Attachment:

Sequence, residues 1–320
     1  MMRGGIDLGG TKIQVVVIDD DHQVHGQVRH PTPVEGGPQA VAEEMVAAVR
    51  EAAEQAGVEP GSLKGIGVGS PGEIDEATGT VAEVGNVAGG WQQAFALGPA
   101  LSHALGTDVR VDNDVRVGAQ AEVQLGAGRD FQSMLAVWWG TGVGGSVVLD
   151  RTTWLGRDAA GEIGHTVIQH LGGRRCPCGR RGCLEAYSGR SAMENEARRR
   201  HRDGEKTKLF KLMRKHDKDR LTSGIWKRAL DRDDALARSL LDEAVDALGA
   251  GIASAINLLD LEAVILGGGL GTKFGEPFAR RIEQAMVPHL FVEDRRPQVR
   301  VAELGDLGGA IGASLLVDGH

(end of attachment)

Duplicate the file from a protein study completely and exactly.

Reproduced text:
Sequence, residues 1–320
     1  MMRGGIDLGG TKIQVVVIDD DHQVHGQVRH PTPVEGGPQA VAEEMVAAVR
    51  EAAEQAGVEP GSLKGIGVGS PGEIDEATGT VAEVGNVAGG WQQAFALGPA
   101  LSHALGTDVR VDNDVRVGAQ AEVQLGAGRD FQSMLAVWWG TGVGGSVVLD
   151  RTTWLGRDAA GEIGHTVIQH LGGRRCPCGR RGCLEAYSGR SAMENEARRR
   201  HRDGEKTKLF KLMRKHDKDR LTSGIWKRAL DRDDALARSL LDEAVDALGA
   251  GIASAINLLD LEAVILGGGL GTKFGEPFAR RIEQAMVPHL FVEDRRPQVR
   301  VAELGDLGGA IGASLLVDGH